I enjoyed the dry wit and content of Bill Bryson’s “A History of Almost Everything” so much that I’m really looking forward to reading his latest book “At Home, A Short History of Private Life”. Bryson has an incredible knack for making nonfiction especially interesting and at times, painfully funny. The Seattle Times reviews Bryson’s latest publication:
‘At Home’: Bill Bryson Constructs a History of Private Life
By Bharti Kirchner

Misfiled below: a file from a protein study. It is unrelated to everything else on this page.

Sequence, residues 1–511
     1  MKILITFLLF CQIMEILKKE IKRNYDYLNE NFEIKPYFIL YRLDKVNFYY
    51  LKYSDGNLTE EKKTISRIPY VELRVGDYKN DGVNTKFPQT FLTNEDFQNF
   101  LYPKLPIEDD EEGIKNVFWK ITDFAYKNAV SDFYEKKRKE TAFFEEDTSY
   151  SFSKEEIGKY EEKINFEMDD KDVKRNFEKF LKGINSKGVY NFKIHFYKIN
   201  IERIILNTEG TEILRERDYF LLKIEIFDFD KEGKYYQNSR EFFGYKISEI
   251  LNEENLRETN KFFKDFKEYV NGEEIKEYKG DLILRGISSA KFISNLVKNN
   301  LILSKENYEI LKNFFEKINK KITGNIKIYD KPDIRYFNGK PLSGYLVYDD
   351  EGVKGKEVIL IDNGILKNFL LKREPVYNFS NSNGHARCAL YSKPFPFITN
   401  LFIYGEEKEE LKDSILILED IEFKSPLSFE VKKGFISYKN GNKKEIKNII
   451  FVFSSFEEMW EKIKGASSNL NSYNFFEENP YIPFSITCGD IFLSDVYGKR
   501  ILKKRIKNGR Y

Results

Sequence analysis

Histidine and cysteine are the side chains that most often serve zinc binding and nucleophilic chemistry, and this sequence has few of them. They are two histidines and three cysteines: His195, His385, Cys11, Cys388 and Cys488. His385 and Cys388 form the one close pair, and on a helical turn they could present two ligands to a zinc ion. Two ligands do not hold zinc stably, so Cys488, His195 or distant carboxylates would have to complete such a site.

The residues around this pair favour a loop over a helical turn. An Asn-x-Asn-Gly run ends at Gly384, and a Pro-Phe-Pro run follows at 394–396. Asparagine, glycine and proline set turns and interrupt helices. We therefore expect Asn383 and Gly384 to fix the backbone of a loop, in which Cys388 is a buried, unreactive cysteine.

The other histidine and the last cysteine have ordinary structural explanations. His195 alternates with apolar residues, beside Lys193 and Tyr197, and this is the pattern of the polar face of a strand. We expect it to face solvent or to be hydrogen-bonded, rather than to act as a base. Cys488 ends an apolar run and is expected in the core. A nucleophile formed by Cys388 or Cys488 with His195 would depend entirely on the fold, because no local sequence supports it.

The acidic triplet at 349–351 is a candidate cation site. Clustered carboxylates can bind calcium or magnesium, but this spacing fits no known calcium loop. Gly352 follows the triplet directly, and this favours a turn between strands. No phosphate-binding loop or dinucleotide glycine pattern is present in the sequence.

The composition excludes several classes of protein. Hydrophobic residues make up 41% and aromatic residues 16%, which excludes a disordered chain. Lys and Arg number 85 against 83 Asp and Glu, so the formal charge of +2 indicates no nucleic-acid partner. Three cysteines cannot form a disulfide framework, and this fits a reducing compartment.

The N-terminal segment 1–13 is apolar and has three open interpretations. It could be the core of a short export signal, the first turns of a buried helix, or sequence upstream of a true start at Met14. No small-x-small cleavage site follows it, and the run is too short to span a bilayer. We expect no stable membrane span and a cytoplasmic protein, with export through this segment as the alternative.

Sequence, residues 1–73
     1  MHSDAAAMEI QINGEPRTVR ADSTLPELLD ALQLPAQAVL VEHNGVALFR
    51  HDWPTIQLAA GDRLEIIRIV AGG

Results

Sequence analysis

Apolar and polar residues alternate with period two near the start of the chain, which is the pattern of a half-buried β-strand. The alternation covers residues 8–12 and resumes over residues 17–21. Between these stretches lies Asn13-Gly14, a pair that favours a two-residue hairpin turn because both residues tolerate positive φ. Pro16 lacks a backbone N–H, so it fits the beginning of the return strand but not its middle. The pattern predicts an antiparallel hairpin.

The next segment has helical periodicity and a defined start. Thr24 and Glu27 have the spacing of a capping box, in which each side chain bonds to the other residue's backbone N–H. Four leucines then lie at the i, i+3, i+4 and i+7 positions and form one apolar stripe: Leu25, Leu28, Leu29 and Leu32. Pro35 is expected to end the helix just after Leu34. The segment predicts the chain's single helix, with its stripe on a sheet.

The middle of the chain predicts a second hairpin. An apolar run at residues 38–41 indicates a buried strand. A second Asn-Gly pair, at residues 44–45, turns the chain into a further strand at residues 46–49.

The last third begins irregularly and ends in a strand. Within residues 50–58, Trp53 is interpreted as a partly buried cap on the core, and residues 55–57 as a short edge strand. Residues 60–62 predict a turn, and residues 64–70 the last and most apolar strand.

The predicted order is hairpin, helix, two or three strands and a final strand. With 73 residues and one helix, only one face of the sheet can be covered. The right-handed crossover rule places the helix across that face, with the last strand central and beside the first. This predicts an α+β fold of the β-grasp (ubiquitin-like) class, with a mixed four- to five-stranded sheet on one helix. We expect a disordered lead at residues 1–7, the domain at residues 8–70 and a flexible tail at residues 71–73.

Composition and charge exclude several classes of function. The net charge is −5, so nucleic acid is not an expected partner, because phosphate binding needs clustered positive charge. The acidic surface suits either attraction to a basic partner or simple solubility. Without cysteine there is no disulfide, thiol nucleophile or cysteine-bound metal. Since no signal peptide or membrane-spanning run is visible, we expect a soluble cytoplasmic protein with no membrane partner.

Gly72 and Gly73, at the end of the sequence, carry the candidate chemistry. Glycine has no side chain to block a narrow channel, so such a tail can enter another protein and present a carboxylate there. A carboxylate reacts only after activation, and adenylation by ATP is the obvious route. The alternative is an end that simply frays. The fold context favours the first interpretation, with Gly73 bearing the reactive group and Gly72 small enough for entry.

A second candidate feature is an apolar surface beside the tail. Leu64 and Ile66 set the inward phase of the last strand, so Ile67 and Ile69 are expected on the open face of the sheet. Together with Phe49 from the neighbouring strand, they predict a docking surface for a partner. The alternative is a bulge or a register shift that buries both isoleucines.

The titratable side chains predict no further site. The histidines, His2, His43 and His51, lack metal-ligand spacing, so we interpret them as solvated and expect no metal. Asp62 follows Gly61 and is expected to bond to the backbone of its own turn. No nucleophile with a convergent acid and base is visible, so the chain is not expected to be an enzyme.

Special to The Seattle Times
Most people would be satisfied with a home in a village like one in the county of Norfolk, England, and simply go on enjoying it, but not Bill Bryson (“A Short History of Nearly Everything”). A chance inspection of an attic to determine the source of a drip leads him in an unexpected direction. He begins strolling from room to room, pondering domestic objects around him — a fork, a sofa, a cabinet — and also the function of each space, as well as how it might have evolved through time. The journal he keeps results in a new book, quirky but entertaining, filled with observations about the history of everyday life spanning the last 150 or so years.
“Houses aren’t refuges from history,” Bryson says. “They are where history ends up.”